A proxy act as an intermediary host where you could tunnel your connection through the proxy to access another host. Tunneling your SSH connection via a proxy, among other things, could allow you to access hosts in a private network or under a NAT. As such, a proxy avoids the need to set up a more complex infrastructure such as a VPN.
OpenSSH's SSH client supports connecting through both SOCKS and HTTPS proxy. It is achieved with the use of ProxyCommand option alongside third-party programs such as nc or netcat.
Related: How to connect PuTTY via a proxy
$ nc -zv 127.0.0.1 2222 Connection to 127.0.0.1 2222 port [tcp/*] succeeded!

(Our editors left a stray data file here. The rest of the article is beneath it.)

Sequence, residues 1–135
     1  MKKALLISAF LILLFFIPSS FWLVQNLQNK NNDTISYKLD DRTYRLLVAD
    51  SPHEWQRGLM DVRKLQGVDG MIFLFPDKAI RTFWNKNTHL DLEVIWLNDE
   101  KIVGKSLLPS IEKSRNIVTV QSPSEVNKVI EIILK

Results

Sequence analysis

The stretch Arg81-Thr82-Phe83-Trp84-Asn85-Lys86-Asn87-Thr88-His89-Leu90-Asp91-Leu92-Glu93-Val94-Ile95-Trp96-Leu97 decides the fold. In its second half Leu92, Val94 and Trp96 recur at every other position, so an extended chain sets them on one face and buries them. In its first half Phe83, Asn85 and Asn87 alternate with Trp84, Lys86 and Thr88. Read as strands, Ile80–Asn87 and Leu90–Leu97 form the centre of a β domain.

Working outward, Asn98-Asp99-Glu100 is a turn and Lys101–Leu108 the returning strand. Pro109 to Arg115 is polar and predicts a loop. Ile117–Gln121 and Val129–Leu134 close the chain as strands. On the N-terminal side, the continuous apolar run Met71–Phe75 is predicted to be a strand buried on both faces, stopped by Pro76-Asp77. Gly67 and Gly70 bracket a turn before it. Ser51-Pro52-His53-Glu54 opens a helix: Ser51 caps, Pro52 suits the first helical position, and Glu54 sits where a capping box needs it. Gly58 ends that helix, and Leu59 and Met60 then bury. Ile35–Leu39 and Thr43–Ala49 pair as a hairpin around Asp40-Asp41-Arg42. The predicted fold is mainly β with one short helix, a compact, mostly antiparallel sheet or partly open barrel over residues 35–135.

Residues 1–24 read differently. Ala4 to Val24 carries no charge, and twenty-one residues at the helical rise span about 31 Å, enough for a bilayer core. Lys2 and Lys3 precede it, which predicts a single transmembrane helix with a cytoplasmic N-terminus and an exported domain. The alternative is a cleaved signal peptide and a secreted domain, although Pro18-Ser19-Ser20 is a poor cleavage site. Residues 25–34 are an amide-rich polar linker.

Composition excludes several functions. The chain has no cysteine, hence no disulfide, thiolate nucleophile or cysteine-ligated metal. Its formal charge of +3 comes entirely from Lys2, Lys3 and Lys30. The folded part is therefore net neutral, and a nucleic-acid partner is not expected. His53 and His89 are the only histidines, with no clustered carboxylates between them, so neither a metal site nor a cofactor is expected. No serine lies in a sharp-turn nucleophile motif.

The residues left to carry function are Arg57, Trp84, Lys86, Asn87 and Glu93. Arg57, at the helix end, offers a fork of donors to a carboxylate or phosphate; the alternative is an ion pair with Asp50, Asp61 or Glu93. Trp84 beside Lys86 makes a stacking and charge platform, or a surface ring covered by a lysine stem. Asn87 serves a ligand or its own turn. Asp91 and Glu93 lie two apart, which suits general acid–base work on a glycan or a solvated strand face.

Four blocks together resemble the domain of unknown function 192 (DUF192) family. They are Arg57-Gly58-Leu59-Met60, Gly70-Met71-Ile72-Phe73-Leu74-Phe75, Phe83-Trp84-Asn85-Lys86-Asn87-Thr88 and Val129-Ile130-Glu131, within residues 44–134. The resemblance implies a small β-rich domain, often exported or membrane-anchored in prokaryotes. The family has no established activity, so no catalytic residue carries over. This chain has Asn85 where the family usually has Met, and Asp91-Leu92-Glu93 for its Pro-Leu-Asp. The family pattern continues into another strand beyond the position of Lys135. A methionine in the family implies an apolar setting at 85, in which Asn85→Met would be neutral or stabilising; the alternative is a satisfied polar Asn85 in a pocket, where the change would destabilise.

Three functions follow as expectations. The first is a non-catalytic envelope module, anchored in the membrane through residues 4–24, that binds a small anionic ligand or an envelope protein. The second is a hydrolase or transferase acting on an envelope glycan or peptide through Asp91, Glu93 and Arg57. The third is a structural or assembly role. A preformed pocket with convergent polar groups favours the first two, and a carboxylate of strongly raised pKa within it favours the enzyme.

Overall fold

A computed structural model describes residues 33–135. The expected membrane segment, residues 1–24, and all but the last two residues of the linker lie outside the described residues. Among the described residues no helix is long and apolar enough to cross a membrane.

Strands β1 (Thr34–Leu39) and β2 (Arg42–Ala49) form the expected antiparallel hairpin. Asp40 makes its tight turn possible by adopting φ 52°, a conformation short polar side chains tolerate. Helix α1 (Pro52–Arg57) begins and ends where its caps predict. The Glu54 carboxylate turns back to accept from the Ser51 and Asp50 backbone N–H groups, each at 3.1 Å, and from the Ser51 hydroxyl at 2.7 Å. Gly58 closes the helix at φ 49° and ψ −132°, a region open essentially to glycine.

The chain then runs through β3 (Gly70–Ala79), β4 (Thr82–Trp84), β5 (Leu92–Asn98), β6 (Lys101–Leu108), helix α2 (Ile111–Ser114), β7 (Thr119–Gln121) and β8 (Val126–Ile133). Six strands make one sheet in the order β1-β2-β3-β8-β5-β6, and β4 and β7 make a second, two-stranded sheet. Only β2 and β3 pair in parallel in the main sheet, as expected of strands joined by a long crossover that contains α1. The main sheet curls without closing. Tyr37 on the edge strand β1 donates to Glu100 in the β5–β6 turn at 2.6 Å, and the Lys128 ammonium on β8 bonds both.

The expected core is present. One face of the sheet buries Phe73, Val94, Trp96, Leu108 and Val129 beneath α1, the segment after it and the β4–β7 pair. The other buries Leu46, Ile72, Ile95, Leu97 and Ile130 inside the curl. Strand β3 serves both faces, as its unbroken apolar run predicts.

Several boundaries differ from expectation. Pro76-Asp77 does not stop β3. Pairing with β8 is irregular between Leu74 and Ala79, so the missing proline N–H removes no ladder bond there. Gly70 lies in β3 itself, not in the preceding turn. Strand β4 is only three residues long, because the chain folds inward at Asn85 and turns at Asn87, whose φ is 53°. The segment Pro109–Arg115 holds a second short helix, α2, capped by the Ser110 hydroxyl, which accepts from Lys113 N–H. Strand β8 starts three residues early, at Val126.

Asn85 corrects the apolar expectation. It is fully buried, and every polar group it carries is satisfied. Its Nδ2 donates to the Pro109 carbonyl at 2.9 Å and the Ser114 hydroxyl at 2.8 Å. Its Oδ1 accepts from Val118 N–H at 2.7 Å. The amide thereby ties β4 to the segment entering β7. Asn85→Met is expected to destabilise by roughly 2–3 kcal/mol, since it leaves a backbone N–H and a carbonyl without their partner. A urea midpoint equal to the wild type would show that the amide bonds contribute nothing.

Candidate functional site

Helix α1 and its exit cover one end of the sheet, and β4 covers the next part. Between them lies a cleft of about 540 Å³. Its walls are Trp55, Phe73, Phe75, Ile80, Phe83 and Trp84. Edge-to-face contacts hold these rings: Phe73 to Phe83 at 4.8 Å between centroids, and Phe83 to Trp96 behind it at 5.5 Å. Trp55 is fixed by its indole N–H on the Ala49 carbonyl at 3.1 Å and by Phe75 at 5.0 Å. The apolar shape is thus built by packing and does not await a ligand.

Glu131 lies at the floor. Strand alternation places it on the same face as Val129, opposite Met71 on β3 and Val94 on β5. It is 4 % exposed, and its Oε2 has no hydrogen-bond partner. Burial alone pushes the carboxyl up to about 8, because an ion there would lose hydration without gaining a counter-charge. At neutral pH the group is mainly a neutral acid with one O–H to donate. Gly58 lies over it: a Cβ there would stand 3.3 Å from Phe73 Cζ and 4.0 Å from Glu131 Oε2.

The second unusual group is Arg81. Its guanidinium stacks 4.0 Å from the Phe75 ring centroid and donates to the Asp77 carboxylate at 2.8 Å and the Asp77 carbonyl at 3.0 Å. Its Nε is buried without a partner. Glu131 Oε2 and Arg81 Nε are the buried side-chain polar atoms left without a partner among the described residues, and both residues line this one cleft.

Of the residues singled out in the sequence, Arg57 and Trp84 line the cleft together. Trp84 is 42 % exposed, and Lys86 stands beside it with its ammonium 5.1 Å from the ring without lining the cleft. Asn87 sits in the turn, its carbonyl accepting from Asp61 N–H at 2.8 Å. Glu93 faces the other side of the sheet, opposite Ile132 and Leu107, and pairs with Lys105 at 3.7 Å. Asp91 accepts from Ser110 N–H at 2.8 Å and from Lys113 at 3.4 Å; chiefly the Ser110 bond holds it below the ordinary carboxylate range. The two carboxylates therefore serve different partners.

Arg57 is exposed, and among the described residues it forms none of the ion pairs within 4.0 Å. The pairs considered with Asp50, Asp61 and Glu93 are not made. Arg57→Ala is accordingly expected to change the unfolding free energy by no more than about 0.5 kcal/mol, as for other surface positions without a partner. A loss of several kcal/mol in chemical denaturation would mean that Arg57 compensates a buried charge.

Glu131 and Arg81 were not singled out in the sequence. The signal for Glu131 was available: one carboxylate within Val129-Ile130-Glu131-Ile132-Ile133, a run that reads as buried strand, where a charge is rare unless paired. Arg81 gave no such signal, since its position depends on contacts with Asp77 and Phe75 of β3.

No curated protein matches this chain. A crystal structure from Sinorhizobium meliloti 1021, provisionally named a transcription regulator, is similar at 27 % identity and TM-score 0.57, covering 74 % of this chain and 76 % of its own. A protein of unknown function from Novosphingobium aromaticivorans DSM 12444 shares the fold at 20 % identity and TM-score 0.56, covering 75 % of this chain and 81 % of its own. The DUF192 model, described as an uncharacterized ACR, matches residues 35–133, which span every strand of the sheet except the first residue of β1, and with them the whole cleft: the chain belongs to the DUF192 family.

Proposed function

-v Produce more verbose output. -z Only scan for listening daemons, without sending any data to them. Cannot be used together with -l.
$ ssh -o ProxyCommand='nc -X4 -x 127.0.0.1:2222 %h %p' remoteuser@remotehost
-X proxy_protocol Use proxy_protocol when talking to the proxy server. Supported protocols are 4 (SOCKS v.4), 5 (SOCKS v.5) and connect (HTTPS proxy). If the protocol is not specified, SOCKS version 5 is used. -x proxy_address[:port] Connect to destination using a proxy at proxy_address and port. If port is not specified, the well-known port for the proxy pro‐ tocol is used (1080 for SOCKS, 3128 for HTTPS). An IPv6 address can be specified unambiguously by enclosing proxy_address in square brackets. A proxy cannot be used with any of the options -lsuU.
$ cat .ssh/config Host remotehost hostname 192.168.1.10 user remoteuser ProxyCommand nc -X4 -x 127.0.0.1:2222 %h %p
$ ssh remotehost
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